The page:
Public Enemy’s process of composition was a collective one, closer to that of a rock band than many hip hop outfits. They would get together and essentially jam, collectively and individually, until they found something they liked. “The key of PE’s style was that it was clean and dirty; it was tight and messy,” Hank Shocklee says. “Everybody is pitching in ideas, and the idea that was stronger is what ended up on tape.”

PE was notoriously heavy on preproduction. “It was all ready to go on the SP-1200,” says Rod Hui, who engineered that album, as well as “Fight the Power” and the follow-up, Fear of a Black Planet, with Nick Sansanos. “Eric ‘Vietnam’ Sadler was the main person in control of that. He was a great programmer. Everything would funnel to him, and he would make it all make sense, and then I would just lay it down on 2-inch.”

A key to the lo-fi sounds found on “Fight the Power” and other Public Enemy records of the period were the technical limitations of their samplers, which the group enjoyed and embraced as part of their noise-based aesthetic. The S-900 and SP-1200 used 12-bit samples — more advanced than the Mirage, but lower than today’s standard of 16 bits. Hank Shocklee explains that he likes the low-res sound because “you can’t pick out the exact instrument and things that are going on, and it kind of meshes it all together, so the frequencies of where the guitar and the bass come in are not clearly defined.”

This was enhanced by the fact that the group often used longer sample loops than the equipment was intended for. “I think the SP-1200 had eight or 12 seconds tops for all 16 pads,” explains Hank Shocklee. “It wasn’t designed to do what we were doing. It was just designed to put in kicks, snares, hi-hats, rides. To get more time, we would speed up the record, play it at 45 and we got almost double the time.” Once the sped-up sample was loaded in, it had to be pitched down, resulting in a further degradation of the sounds. Add to that the fact that the SP-1200 cut off the ends of its samples sharply. “The cut-off gave it a rough sound, a real edgy sound,” says Keith Shocklee appreciatively.

Another key to Public Enemy’s unique sound was their beat-creation process. Unlike many of their contemporaries, who would lift a beat from a recording more or less intact, PE would frequently doctor beats to create a different kind of rhythm than the original.

PE also often played their own individually sampled kicks, snares and hi-hats over whatever rhythms they had looped. Because the natural reverb that came with these individual drum samples would “wash the sound back,” according to Hank Shocklee, he and Sadler layered the kicks and snares. Thus a single kick would be a composite of several samples that covered different parts of the frequency spectrum to give it a fuller, more powerful sound.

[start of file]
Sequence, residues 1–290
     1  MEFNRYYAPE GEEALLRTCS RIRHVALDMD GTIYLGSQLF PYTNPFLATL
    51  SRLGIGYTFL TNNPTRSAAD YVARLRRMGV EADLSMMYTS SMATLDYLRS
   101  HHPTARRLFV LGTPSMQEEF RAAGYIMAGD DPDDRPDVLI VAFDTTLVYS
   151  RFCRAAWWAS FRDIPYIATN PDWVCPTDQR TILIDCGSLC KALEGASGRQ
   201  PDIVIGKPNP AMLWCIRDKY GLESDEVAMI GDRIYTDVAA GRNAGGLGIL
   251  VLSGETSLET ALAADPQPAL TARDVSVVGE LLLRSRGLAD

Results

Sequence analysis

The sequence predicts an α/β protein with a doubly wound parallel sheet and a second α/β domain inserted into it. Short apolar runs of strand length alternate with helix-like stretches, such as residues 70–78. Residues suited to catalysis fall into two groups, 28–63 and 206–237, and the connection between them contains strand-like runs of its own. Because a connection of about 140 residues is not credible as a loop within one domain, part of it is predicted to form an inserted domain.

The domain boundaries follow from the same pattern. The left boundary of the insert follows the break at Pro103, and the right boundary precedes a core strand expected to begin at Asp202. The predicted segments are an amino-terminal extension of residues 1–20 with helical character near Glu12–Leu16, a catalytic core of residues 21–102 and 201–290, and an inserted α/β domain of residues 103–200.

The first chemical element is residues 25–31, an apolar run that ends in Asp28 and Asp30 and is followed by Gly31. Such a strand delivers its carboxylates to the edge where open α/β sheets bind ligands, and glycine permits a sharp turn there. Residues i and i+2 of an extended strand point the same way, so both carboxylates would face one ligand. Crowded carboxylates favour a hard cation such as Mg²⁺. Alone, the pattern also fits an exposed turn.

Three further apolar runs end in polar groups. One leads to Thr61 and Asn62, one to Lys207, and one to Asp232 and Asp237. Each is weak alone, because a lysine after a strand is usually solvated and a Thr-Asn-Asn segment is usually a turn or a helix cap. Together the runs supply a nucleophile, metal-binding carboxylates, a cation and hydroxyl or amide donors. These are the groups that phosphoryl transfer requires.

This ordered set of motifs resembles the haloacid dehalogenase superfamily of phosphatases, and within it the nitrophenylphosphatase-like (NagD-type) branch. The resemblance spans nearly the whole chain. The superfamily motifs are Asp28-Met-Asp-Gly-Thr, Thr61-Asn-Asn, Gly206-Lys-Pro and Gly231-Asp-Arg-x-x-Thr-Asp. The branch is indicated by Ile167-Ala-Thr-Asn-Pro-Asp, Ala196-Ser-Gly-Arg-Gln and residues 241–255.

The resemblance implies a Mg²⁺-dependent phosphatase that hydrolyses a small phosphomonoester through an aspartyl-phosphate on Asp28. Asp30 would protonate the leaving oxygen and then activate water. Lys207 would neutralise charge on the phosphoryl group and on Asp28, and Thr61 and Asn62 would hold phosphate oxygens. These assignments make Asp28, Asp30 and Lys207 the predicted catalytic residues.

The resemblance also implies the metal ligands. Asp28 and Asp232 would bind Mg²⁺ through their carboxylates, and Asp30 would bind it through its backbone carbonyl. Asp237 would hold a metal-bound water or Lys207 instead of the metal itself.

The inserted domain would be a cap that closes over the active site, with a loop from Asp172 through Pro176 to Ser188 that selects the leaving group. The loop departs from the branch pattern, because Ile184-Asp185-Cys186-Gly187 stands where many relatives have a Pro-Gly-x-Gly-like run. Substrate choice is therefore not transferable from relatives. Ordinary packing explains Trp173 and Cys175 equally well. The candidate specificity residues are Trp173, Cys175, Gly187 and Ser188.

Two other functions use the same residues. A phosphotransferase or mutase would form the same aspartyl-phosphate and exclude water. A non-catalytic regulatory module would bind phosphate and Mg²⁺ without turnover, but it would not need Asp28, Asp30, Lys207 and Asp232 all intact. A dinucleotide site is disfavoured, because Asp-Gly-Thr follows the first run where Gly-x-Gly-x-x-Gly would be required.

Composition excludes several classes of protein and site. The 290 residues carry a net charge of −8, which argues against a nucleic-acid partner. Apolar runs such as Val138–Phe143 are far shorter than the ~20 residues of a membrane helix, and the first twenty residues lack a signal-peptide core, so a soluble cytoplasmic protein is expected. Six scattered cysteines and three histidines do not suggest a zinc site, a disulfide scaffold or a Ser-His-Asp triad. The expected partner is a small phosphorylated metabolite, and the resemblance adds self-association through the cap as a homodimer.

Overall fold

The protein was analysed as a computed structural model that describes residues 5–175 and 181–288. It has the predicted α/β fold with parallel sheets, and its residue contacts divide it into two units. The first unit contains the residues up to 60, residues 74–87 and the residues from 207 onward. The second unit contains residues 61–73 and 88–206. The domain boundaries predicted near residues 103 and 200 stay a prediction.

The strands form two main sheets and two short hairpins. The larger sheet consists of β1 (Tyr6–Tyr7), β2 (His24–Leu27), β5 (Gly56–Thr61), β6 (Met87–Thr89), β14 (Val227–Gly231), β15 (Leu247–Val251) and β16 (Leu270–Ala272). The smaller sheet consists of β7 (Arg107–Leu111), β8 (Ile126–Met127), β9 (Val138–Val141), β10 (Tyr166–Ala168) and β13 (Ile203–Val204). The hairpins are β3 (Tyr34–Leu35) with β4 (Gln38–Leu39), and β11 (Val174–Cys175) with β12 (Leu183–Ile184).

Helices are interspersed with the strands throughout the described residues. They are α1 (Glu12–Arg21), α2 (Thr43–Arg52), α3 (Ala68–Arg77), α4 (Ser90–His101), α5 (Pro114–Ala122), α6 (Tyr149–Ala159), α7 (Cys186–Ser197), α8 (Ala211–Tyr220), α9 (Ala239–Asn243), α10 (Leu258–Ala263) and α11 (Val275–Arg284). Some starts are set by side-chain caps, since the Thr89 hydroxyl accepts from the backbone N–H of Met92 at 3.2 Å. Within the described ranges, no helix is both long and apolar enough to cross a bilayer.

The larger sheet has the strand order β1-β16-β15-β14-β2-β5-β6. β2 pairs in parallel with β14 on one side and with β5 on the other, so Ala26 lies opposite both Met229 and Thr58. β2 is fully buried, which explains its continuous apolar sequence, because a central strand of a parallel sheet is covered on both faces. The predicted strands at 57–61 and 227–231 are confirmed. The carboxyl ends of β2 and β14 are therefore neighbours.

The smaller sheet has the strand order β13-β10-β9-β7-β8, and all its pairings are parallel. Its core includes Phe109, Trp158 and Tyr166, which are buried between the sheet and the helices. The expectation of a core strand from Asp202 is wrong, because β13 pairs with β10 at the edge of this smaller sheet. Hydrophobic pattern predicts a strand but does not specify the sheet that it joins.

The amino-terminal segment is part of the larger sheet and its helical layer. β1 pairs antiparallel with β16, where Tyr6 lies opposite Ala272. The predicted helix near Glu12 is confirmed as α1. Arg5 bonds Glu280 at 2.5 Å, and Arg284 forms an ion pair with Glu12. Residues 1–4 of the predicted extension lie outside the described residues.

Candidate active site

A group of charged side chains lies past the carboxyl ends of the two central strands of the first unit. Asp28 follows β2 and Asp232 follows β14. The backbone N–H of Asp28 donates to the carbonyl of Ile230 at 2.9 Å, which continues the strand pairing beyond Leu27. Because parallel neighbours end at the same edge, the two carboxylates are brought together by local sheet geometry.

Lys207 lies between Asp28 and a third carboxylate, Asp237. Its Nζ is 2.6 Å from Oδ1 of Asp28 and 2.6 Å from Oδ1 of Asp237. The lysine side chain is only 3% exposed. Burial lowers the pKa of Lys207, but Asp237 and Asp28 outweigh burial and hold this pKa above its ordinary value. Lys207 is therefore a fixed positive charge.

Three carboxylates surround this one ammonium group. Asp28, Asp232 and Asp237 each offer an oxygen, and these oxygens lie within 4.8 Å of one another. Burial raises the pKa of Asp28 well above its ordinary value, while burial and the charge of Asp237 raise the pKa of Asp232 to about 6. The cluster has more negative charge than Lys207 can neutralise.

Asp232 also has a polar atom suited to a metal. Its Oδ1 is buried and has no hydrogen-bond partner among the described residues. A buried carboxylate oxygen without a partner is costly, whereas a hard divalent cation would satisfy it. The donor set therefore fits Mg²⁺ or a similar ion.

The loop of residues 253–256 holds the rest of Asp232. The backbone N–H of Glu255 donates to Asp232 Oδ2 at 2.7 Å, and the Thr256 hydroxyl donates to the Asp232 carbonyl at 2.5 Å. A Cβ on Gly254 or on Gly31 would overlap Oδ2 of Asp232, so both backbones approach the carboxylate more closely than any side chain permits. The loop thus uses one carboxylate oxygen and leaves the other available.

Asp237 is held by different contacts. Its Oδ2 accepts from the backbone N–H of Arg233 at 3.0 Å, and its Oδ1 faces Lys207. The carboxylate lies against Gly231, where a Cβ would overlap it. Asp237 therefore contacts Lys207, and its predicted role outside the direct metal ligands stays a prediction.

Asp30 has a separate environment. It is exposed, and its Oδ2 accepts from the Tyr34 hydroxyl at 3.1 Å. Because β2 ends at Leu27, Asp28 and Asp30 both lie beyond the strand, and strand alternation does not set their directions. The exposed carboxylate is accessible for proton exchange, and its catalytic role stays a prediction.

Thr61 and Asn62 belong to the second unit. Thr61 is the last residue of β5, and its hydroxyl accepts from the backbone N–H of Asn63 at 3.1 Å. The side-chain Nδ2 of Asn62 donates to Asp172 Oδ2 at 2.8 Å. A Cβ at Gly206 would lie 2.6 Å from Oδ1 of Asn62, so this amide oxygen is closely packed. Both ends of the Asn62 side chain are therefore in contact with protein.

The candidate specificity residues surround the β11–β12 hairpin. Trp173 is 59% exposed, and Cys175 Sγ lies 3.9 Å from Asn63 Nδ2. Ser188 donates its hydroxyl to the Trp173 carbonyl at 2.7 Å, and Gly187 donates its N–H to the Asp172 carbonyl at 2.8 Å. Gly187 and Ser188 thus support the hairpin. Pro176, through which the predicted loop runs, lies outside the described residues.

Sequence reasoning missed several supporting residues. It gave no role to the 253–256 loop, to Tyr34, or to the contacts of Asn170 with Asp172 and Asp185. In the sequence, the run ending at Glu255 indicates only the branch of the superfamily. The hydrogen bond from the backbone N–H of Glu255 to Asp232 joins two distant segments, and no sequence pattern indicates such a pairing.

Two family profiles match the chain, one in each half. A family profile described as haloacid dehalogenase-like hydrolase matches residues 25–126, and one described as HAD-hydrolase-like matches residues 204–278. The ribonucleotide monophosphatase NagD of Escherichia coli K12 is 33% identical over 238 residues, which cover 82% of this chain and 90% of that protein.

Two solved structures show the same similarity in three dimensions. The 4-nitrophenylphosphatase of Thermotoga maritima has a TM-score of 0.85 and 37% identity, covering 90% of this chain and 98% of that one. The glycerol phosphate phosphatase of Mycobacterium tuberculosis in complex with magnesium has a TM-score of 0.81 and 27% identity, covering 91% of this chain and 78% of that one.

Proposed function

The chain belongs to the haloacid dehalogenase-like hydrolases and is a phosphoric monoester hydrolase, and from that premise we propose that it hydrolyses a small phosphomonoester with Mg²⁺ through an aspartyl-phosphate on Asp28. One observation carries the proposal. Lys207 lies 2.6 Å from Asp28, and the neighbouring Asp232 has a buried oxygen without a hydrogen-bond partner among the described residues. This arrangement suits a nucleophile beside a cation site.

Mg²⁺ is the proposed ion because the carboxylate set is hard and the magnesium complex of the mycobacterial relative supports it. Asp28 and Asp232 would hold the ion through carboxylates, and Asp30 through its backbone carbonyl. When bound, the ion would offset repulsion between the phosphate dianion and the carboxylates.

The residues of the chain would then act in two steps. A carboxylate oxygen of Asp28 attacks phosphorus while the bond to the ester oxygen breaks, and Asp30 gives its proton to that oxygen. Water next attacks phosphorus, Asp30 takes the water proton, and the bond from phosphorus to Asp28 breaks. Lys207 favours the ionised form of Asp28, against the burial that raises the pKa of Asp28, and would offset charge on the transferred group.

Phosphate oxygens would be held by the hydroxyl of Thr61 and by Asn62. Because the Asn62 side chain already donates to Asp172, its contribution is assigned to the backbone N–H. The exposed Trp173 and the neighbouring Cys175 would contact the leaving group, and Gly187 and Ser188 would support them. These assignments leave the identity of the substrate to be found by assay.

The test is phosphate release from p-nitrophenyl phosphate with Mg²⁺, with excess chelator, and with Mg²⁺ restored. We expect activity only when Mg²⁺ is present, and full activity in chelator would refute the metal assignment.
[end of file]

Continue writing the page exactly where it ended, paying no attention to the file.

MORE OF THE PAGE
In terms of the rapping, Hui recalls that much of Chuck D’s writing occurred spontaneously in the studio. “Ninety percent was inspired by the tracking,” he says. For D’s vocal chain, Hui used a Neumann 87 microphone, an API mic pre, an 1176 compressor/limiter and an LA-2A compressor. He remembers that the rapper never liked to punch in; if he made a mistake, he would simply retake the entire vocal. It was actually Hui who mixed the song on the Amek console, mixing onto half-inch analog tape at 30 ips on a Studer 820 tape machine. (Hui also mixed Nations and Black Planet.)

When the song was completed and delivered, the group didn’t hear back from Lee. Hank Shocklee was skeptical that he would accept the song. But when the movie came out, Hank Shocklee ran into some people who had been to a screening. “They said, ‘Yo, “Fight the Power” is all over it!’” he recalls. “I guess that was a way of Spike saying that he liked it without telling us that he really loved it.”

Both movie and song proved momentous for their creators. Do the Right Thing was Lee’s biggest film and earned him an Oscar nomination for the screenplay. “Fight the Power” topped the rap charts and helped push Public Enemy’s next two albums into Billboard‘s Top 10. Public Enemy’s major record sales faded after the early ’90s, coinciding with (though not necessarily due to) a change in their sound as new sampling laws made the collage techniques of “Fight the Power” and Nations too expensive. The group continued to make music for a smaller but devoted following; their latest album is actually a collaboration with another radical rapper from the late ’80s, Paris. Hank Shocklee, after parting ways with PE, has gone on to produce records by other artists and is currently writing a book about the recording of Nation of Millions; Keith recently contributed to rapper Xzibit’s latest album, Full Circle. So while Public Enemy and much of politically oriented rap have disappeared from the charts, both thrive outside the mainstream.